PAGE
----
Ribosomal RNA (rRNA) carries extensive 2'-O-methyl marks at functionally important sites. This simple chemical modification is thought to confer stability, promote RNA folding, and contribute to generate a heterogenous ribosome population with a yet-uncharacterized function. 2'-O-methylation occurs both in archaea and eukaryotes and is accomplished by the Box C/D RNP enzyme in an RNA-guided manner. Extensive and partially conflicting structural information exists for the archaeal enzyme, while no structural data is available for the eukaryotic enzyme. The yeast Box C/D RNP consists of a guide RNA, the RNA-primary binding protein Snu13, the two scaffold proteins Nop56 and Nop58, and the enzymatic module Nop1. Here we present the high-resolution structure of the eukaryotic Box C/D methyltransferase Nop1 from Saccharomyces cerevisiae bound to the amino-terminal domain of Nop56. We discuss similarities and differences between the interaction modes of the two proteins in archaea and eukaryotes and demonstrate that eukaryotic Nop56 recruits the methyltransferase to the Box C/D RNP through a protein-protein interface that differs substantially from the archaeal orthologs. This study represents a first achievement in understanding the evolution of the structure and function of these proteins from archaea to eukaryotes.
  • Specificity and regulation of phosphotyrosine signaling through SH2 domains.

    Marasco, Michelangelo; Carlomagno, Teresa; HZI,Helmholtz-Zentrum für Infektionsforschung GmbH, Inhoffenstr. 7,38124 Braunschweig, Germany. (Elsevier, 2020-05-27)
    Phosphotyrosine (pY) signaling is instrumental to numerous cellular processes. pY recognition occurs through specialized protein modules, among which the Src-homology 2 (SH2) domain is the most common. SH2 domains are small protein modules with an invariant fold, and are present in more than a hundred proteins with different function. Here we ask the question of how such a structurally conserved, small protein domain can recognize distinct phosphopeptides with the breath of binding affinity, specificity and kinetic parameters necessary for proper control of pY-dependent signaling and rapid cellular response. We review the current knowledge on structure, thermodynamics and kinetics of SH2-phosphopeptide complexes and conclude that selective phosphopeptide recognition is governed by both structure and dynamics of the SH2 domain, as well as by the kinetics of the binding events. Further studies on the thermodynamic and kinetic properties of SH2-phosphopeptide complexes, beyond their structure, are required to understand signaling regulation.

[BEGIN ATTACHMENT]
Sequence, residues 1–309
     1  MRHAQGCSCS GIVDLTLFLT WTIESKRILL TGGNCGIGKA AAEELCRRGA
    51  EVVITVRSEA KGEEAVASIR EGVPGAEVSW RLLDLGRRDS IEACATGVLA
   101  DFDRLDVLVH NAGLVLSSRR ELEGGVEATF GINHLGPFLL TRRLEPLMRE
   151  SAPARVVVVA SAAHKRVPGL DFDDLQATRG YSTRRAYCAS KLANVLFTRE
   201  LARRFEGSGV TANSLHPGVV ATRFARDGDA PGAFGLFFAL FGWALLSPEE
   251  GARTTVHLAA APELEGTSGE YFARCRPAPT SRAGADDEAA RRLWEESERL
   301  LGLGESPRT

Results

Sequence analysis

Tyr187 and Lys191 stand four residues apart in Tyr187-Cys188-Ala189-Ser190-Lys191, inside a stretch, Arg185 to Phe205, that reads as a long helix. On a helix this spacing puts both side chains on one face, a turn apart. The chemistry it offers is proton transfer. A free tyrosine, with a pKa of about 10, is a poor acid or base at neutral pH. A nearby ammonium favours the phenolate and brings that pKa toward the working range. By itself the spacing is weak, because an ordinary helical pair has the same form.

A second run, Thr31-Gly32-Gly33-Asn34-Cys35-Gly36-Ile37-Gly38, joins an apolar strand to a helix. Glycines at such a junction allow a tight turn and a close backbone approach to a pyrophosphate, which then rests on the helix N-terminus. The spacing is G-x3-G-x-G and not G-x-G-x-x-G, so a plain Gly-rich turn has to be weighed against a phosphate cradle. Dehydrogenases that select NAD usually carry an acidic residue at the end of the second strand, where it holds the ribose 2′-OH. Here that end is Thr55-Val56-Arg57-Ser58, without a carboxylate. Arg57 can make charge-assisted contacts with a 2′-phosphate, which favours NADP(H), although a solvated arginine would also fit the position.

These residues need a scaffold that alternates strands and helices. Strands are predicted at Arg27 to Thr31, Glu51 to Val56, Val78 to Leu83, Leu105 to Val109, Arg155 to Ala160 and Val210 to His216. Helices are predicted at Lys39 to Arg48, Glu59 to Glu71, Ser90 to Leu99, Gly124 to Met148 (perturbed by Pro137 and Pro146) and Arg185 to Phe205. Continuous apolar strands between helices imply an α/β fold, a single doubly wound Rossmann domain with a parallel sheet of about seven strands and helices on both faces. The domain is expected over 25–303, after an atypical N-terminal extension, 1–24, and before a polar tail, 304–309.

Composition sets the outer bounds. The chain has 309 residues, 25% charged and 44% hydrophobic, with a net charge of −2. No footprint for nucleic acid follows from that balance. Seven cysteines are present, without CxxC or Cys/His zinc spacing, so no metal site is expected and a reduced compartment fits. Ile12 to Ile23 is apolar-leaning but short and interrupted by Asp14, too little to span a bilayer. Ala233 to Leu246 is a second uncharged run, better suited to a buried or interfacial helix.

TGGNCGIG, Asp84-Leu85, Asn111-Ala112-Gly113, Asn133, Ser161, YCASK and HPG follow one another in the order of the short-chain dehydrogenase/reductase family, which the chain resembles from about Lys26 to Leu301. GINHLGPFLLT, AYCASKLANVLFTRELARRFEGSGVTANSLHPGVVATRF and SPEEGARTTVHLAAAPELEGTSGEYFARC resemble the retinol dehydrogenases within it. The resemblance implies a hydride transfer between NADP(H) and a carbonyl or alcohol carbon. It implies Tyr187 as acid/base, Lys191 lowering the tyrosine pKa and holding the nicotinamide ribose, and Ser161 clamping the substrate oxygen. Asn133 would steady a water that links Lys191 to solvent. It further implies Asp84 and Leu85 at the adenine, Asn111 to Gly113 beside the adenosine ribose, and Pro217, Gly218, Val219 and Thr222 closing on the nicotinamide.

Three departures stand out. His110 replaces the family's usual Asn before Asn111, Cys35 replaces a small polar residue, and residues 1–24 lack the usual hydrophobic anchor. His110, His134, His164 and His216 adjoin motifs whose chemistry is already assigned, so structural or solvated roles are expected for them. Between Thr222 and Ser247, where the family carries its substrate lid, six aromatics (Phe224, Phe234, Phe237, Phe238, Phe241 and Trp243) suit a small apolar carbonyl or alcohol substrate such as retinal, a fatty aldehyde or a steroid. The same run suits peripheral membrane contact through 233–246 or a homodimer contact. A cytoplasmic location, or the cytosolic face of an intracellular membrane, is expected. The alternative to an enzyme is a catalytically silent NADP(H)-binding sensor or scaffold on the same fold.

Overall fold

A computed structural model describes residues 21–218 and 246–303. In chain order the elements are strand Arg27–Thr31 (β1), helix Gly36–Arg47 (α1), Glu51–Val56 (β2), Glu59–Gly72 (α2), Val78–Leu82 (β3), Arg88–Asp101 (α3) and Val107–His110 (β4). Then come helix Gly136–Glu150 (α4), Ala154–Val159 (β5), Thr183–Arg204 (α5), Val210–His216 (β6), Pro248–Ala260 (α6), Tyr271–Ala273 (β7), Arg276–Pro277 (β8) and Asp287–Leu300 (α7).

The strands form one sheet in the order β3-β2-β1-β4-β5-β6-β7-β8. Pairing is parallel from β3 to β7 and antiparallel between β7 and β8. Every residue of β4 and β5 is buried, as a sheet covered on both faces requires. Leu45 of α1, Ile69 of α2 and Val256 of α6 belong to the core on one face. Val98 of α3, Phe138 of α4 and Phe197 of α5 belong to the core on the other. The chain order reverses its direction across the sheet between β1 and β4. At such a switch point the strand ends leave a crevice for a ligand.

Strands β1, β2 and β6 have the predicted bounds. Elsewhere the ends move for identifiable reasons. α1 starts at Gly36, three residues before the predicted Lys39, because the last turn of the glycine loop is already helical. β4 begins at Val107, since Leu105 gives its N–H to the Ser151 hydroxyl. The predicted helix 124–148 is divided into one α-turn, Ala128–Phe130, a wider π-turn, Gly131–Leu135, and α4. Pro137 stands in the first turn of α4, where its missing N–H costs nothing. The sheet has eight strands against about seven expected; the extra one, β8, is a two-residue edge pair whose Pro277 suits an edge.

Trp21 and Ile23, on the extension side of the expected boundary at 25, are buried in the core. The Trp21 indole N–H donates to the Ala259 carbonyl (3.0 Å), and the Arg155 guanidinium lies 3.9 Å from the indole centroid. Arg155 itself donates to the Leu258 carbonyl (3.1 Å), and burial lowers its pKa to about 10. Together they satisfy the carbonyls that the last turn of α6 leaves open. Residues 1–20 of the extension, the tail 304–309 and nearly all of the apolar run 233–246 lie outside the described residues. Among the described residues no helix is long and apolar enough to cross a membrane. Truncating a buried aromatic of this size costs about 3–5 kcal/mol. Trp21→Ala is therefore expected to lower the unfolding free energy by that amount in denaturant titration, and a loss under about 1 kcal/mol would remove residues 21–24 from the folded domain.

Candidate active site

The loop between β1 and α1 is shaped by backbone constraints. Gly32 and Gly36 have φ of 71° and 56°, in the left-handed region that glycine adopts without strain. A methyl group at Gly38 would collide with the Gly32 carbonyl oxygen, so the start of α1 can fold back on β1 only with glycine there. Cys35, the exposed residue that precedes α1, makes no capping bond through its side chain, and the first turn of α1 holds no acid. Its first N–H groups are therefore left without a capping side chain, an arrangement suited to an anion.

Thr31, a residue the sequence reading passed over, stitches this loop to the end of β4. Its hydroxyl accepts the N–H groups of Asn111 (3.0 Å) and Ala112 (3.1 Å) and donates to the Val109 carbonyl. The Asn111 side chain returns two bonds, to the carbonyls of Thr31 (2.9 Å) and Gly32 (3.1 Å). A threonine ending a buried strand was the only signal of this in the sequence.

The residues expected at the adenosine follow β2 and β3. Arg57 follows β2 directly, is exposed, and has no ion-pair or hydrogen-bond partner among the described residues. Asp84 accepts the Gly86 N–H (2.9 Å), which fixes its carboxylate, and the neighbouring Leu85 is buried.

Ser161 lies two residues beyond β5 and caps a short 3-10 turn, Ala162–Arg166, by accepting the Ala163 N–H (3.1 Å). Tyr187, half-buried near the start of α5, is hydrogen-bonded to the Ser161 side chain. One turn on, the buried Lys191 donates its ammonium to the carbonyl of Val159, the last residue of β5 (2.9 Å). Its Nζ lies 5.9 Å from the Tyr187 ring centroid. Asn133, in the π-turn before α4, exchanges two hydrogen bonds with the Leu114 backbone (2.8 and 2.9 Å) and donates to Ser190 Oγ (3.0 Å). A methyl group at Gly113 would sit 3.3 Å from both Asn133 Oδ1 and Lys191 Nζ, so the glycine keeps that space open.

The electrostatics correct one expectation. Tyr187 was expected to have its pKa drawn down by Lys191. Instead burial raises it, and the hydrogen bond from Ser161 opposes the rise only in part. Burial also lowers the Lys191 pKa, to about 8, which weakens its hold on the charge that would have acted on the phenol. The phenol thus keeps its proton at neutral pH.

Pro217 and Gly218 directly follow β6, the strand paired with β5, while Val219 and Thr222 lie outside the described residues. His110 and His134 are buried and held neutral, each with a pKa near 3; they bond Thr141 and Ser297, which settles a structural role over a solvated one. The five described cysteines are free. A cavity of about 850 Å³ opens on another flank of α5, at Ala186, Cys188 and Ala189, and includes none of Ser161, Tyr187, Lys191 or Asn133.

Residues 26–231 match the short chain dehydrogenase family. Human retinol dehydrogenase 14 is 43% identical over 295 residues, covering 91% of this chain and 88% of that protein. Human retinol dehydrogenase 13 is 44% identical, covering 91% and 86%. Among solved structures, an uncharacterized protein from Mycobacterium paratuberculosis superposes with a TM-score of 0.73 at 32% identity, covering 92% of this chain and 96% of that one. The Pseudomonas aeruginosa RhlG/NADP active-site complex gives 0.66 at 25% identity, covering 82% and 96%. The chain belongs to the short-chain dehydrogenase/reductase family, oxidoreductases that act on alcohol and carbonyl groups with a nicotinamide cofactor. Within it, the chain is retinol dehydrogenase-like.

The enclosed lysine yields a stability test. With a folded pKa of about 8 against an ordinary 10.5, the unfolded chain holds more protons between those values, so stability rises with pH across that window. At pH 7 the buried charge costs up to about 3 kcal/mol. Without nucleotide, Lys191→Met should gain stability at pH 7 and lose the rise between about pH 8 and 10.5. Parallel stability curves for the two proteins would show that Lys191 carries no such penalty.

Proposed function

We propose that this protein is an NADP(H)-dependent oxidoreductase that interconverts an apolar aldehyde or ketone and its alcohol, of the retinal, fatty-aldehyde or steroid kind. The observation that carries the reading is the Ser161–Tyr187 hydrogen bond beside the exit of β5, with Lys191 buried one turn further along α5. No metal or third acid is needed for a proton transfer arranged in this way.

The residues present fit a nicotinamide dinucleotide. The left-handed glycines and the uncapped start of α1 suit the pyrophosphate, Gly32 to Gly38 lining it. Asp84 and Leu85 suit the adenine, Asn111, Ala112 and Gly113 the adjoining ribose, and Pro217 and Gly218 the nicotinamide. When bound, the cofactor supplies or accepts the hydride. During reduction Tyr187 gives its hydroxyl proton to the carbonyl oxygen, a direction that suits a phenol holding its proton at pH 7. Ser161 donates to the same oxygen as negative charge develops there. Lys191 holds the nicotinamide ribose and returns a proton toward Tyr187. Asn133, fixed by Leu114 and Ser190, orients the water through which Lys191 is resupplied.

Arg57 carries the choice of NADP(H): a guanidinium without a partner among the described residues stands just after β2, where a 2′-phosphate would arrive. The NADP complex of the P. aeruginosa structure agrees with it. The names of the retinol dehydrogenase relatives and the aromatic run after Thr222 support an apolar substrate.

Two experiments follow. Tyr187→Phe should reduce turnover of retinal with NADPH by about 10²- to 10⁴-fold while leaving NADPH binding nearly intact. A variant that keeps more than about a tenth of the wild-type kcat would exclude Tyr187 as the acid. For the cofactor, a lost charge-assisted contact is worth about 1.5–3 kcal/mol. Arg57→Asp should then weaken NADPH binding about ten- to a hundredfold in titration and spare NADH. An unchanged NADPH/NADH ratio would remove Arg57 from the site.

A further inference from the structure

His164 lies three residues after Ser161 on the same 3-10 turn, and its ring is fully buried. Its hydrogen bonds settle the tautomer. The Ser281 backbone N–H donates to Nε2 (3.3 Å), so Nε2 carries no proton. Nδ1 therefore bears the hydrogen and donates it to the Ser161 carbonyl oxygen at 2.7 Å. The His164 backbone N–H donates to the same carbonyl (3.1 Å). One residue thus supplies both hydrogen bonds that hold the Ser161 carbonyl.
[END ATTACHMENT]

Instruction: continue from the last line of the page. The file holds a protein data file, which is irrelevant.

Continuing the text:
• 1H, 13C, and 15N backbone chemical-shift assignments of SARS-CoV-2 non-structural protein 1 (leader protein)

    Wang, Ying; Kirkpatrick, John; Zur Lage, Susanne; Korn, Sophie M; Neißner, Konstantin; Schwalbe, Harald; Schlundt, Andreas; Carlomagno, Teresa; HZI,Helmholtz-Zentrum für Infektionsforschung GmbH, Inhoffenstr. 7,38124 Braunschweig, Germany. (SPringer, 2021-03-26)
    The current COVID-19 pandemic caused by the Severe Acute Respiratory Syndrome Coronavirus 2 (SARS-CoV-2) has become a worldwide health crisis, necessitating coordinated scientific research and urgent identification of new drug targets for treatment of COVID-19 lung disease. The covid19-nmr consortium seeks to support drug development by providing publicly accessible NMR data on the viral RNA elements and proteins. The SARS-CoV-2 genome comprises a single RNA of about 30 kb in length, in which 14 open reading frames (ORFs) have been annotated, and encodes approximately 30 proteins. The first two-thirds of the SARS-CoV-2 genome is made up of two large overlapping open-reading-frames (ORF1a and ORF1b) encoding a replicase polyprotein, which is subsequently cleaved to yield 16 so-called non-structural proteins. The non-structural protein 1 (Nsp1), which is considered to be a major virulence factor, suppresses host immune functions by associating with host ribosomal complexes at the very end of its C-terminus. Furthermore, Nsp1 facilitates initiation of viral RNA translation via an interaction of its N-terminal domain with the 5' untranslated region (UTR) of the viral RNA. Here, we report the near-complete backbone chemical-shift assignments of full-length SARS-CoV-2 Nsp1 (19.8 kDa), which reveal the domain organization, secondary structure and backbone dynamics of Nsp1, and which will be of value to further NMR-based investigations of both the biochemical and physiological functions of Nsp1.